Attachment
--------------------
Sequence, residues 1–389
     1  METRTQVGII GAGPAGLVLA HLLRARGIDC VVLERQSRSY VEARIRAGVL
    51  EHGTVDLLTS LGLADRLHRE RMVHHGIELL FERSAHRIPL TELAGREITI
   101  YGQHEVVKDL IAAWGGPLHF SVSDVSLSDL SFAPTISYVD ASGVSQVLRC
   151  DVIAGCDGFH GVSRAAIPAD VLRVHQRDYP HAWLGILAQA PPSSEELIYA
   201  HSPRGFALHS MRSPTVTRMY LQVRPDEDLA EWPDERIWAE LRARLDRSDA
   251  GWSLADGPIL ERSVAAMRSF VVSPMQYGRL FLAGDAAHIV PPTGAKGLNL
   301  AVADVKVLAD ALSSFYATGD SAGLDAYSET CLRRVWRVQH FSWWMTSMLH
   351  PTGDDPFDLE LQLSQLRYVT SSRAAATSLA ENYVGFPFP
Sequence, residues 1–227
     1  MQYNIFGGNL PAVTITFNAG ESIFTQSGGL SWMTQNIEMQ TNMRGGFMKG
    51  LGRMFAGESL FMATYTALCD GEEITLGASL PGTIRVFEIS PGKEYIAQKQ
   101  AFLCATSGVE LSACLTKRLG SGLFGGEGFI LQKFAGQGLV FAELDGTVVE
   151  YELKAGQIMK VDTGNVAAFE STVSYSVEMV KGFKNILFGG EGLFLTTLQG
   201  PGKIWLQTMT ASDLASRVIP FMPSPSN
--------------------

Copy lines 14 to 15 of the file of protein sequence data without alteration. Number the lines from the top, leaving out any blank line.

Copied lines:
   151  YELKAGQIMK VDTGNVAAFE STVSYSVEMV KGFKNILFGG EGLFLTTLQG
   201  PGKIWLQTMT ASDLASRVIP FMPSPSN